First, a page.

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Publication : Identification of Novel Regulators of the JAK/STAT Signaling Pathway that Control Border Cell Migration in the Drosophila Ovary.

First Author  Saadin Afsoon Year  2016
Journal  G3 (Bethesda) Volume  6
Pages  1991-2002 PubMed ID  27175018
Abstract Text  The Janus Kinase/Signal Transducer and Activator of Transcription (JAK/STAT) signaling pathway is an essential regulator of cell migration both in mammals and fruit flies. Cell migration is required for normal embryonic development and immune response but can also lead to detrimental outcomes, such as tumor metastasis. A cluster of cells termed "border cells"in the Drosophila ovary provides an excellent example of a collective cell migration, in which two different cell types coordinate their movements. Border cells arise within the follicular epithelium and are required to invade the neighboring cells and migrate to the oocyte to contribute to a fertilizable egg. Multiple components of the STAT signaling pathway are required during border cell specification and migration; however, the functions and identities of other potential regulators of the pathway during these processes are not yet known. To find new components of the pathway that govern cell invasiveness, we knocked down 48 predicted STAT modulators using RNAi expression in follicle cells, and assayed defective cell movement. We have shown that seven of these regulators are involved in either border cell specification or migration. Examination of the epistatic relationship between candidate genes and Stat92E reveals that the products of two genes, Protein tyrosine phosphatase 61F (Ptp61F) and brahma (brm), interact with Stat92E during both border cell specification and migration. Doi  10.1534/g3.116.028100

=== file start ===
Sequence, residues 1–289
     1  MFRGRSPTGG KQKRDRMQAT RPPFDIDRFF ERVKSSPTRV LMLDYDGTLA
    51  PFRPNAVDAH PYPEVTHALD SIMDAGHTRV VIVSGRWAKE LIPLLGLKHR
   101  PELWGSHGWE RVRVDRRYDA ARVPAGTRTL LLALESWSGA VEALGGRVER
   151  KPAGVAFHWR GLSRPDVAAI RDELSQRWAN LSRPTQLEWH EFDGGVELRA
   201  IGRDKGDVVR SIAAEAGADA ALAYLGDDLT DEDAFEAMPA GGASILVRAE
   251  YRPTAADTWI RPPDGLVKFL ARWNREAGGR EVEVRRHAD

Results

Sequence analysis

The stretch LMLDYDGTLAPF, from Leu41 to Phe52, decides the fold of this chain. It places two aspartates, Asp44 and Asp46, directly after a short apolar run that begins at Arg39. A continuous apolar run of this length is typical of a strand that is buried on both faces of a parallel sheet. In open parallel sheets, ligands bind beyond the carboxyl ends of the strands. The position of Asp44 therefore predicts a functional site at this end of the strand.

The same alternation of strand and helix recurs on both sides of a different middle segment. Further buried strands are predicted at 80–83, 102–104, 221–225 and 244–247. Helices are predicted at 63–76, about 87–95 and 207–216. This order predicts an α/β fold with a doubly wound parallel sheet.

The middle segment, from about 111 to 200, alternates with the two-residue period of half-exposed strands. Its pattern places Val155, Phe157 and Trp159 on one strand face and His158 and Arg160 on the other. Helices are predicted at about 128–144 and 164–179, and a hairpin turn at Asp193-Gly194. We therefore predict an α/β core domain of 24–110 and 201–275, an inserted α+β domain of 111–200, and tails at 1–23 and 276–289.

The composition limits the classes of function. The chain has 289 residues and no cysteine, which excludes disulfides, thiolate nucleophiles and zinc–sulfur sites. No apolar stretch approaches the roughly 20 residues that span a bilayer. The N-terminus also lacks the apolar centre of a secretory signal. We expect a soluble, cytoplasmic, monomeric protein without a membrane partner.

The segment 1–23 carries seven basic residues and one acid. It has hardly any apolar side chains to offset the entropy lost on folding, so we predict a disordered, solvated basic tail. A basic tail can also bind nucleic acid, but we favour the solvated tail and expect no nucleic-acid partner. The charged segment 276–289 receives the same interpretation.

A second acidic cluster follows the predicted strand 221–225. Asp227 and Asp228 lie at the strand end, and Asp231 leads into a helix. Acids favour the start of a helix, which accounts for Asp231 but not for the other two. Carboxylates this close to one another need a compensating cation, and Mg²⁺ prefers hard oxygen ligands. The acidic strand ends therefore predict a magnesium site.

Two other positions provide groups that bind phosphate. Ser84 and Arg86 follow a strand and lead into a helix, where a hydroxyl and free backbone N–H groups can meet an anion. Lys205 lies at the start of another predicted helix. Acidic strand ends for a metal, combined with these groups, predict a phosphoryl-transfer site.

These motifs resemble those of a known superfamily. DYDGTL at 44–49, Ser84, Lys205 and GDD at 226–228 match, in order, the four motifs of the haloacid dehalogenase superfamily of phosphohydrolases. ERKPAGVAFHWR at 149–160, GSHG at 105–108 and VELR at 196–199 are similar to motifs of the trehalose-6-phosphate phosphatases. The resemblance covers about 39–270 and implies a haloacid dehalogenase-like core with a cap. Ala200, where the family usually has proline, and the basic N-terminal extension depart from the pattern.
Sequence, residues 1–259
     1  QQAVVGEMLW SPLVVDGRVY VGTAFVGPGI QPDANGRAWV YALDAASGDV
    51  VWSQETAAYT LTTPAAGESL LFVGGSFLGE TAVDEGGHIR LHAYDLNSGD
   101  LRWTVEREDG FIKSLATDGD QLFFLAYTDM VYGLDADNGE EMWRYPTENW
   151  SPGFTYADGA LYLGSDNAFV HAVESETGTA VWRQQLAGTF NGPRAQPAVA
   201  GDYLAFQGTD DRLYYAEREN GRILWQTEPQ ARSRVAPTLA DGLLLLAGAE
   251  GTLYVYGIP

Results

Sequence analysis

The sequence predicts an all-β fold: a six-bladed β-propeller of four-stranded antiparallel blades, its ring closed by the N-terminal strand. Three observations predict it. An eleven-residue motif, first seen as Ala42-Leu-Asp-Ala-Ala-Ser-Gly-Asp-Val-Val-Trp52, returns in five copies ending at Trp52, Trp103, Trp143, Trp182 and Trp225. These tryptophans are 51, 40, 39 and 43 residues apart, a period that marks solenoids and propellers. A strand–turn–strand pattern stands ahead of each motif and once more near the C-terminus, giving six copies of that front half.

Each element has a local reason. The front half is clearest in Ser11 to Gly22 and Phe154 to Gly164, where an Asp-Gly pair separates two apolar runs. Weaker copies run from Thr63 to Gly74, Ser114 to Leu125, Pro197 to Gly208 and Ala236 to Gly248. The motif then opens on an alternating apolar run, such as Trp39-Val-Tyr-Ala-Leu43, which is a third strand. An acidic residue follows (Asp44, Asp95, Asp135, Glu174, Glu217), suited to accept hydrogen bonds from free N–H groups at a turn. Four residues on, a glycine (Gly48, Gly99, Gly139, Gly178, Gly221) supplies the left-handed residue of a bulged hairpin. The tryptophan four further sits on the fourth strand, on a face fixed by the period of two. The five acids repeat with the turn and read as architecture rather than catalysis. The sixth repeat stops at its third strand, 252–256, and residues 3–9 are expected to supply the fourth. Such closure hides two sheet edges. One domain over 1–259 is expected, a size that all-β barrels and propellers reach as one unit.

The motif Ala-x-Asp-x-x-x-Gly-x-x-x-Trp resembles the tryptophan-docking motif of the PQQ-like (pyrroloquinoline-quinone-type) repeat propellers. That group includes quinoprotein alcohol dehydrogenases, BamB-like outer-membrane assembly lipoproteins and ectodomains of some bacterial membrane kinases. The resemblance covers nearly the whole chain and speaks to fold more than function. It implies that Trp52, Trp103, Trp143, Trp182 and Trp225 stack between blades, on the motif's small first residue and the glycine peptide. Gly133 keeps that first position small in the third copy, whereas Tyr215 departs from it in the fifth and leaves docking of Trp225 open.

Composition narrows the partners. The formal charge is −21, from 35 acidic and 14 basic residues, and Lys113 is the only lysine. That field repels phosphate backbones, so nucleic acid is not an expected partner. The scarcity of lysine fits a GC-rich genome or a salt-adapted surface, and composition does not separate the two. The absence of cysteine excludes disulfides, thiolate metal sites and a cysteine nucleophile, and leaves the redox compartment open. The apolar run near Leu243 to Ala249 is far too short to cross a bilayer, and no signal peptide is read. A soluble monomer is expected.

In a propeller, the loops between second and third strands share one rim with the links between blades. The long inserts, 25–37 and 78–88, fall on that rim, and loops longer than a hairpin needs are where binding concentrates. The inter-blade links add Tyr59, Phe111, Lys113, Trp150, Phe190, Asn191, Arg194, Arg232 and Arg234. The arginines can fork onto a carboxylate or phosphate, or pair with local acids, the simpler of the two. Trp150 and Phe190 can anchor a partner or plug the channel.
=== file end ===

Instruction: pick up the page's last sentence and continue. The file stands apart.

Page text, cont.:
Issue  7 Month  07

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